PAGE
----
At about 70% of GDP, outstanding Treasury debt is not on the surface overly alarming. Obviously, if one throws in GSE liabilities and the massive future spending obligations related to social security, healthcare, pensions, etc., things are much worse. Yet it is conventional wisdom that the U.S. has the luxury of several years to get its fiscal house in order. And there is today great faith that economic recovery will, as it always does, lead a revival of government receipts and ensure rapidly declining deficits. Count me skeptical. The previous Bubble helped disguise underlying structural debt issues at the state, local and federal levels. Going forward it’s payback time.

First of all, economic recovery on its own won’t rectify the federal deficit problem. Instead, the expansion of private-sector Credit will prove the key. Economic recovery is thus far having little impact on deficits specifically because the current expansion is financed chiefly through government borrowing and spending. It is the expansion of private-sector debt that creates government receipts that are not offset by rising expenditures – thus reducing fiscal deficits. The optimists take it for granted that this recovery will work as they always do – that fretting over U.S. structural debt problems is premature by a number years.

There are important factors unique to this cycle that I believe make it improbable that private-sector Credit will expand sufficiently to promote federal government debt relief. First, in the post-housing mania environment, it will take years for a substantial rebound in private mortgage Credit growth – and perhaps decades to return to 2005’s and 2006’s $1.4 Trillion annual expansions. The demand for borrowings is much reduced, while Credit standards have tightened meaningfully from the manic years.

Moreover, it was the historic expansion of mortgage Credit over the past decade that so inflated system Credit and, in the process, altered the underlying structure of the U.S. “Bubble economy.” The inflation of asset prices, incomes, corporate cash flows, and government receipts fashioned a system acutely dependent on robust Credit creation. The entire system became dependent on enormous, uninterrupted and risky Credit expansion. Today, the private-sector Credit mechanism suffers from severe post-Bubble impairment. At the same time, massive Federal government intervention has sustained the Bubble economic structure with its outsized Credit appetite.

In the current stock market frenzy, the economy’s structure and the prospects for private-sector Credit hardly seem relevant. The underlying fragility of private-sector Credit is masked. The markets are buoyant, while economic recovery gains momentum. Apparently, there’s no reason to focus on Greek debt woes, China’s vulnerable Bubble, Goldman’s and Wall Street’s trust issues, or the uncertainties associated with financial reform – not with corporate earnings surging and many stocks in virtual melt-up. Expectations have adjusted sharply higher, with most now believing the markets are discounting quite favorable economic prospects. I would instead hold the view that reflated securities markets are again nurturing financial and economic vulnerability.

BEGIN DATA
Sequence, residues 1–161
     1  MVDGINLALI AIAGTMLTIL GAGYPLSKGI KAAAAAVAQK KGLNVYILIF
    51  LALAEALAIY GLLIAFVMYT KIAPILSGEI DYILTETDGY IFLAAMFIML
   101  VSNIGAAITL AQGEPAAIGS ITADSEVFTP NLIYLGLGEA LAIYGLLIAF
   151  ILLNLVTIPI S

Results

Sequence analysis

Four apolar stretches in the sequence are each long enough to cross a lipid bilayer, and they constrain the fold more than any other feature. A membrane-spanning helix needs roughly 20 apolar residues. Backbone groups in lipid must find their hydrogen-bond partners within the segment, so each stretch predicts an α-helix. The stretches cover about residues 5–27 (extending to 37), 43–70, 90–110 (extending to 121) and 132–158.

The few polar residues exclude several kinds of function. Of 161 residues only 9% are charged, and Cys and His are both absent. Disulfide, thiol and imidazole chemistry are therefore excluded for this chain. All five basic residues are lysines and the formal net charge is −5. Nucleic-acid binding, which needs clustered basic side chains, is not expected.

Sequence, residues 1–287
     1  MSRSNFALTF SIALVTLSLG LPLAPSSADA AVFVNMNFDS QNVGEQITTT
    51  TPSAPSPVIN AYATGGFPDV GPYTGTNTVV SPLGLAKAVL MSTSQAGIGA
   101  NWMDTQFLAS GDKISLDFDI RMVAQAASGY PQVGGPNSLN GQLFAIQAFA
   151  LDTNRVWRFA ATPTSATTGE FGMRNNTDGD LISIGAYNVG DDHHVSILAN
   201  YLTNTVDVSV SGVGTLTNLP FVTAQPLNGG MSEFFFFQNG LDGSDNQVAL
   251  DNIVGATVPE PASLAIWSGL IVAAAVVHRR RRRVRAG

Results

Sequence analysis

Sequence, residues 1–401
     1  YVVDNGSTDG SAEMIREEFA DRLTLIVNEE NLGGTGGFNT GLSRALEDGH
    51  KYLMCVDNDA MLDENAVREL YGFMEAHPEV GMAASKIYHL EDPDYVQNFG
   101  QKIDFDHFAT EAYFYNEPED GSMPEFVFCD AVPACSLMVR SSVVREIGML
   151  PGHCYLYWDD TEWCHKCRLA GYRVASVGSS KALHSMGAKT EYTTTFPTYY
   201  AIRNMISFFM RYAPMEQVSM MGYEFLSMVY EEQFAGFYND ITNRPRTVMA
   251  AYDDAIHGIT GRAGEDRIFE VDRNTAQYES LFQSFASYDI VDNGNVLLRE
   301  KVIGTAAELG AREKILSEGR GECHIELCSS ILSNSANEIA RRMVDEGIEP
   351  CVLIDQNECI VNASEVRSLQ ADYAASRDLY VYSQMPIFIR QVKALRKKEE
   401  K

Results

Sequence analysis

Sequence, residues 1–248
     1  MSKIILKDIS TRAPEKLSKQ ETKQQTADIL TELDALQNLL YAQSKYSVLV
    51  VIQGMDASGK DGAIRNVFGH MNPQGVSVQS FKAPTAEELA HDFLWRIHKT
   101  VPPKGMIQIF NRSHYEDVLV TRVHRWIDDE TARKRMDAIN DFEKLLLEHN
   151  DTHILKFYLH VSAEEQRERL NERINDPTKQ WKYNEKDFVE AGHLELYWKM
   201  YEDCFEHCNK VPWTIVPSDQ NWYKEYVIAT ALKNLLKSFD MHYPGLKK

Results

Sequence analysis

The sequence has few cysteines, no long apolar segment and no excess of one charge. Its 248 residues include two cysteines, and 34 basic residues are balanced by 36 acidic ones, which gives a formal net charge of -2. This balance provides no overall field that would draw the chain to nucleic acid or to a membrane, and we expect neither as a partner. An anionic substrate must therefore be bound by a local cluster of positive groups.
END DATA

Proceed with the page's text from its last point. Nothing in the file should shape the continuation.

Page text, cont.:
Recent issues in Greece, China, Wall Street and Washington should not be dismissed. Importantly, this confluence of developments holds the potential to further restrict the capacity and stability of private-sector Credit. The Greek debt crisis appears to have created dislocation in the Credit default swaps marketplace. This will likely increase market volatility, along with heightened susceptibility for market yields to lurch higher, while perhaps hurting liquidity in government debt markets generally. This may not be an issue for Treasuries today, but it could foster debt market vulnerability going forward and make the inevitable bear market even more challenging.

The SEC’s allegations against Goldman increase the odds of meaningful financial reform. Risk-taking by the major financial institutions will be further reigned in; trust in contemporary Wall Street finance will be further shaken. There will be more intense efforts to crack down on over-the-counter derivatives and push derivative trading to the exchanges. None of this would seem to have a major impact today – but I view these developments supporting my expectation for restrained private-sector Credit growth going forward.

Over the years, I’ve emphasized the prominent role “Wall Street alchemy” played in fueling Credit Bubble excess. The Street’s astounding capacity to transform risky loans into perceived safe and liquid securities was absolutely fundamental to the Credit Bubble. The OTC derivatives markets – including collateralized debt obligations, asset-backed securities, Credit default swaps, auction-rate securities, etc. – were critical for the intermediation of risky, high-yielding loans into “money”-like securities. This brand of risk intermediation and distortion was instrumental to the historic boom and bust – and this week it returned to the regulation spotlight.

As I’ve attempted to explain over the years, risk intermediation invariably becomes a central issue inherent to protracted Credit Bubbles and their resulting Bubble Economies. The amount of Credit necessary to sustain the Bubbles rises each year. And each passing year requires an increasing (exponentially-rising) amount of riskier Credit. Our government’s massive injection of Credit/purchasing power coupled with interest rate and market liquidity intervention sustained the existing economic structure. As they say, “that’s the good news.”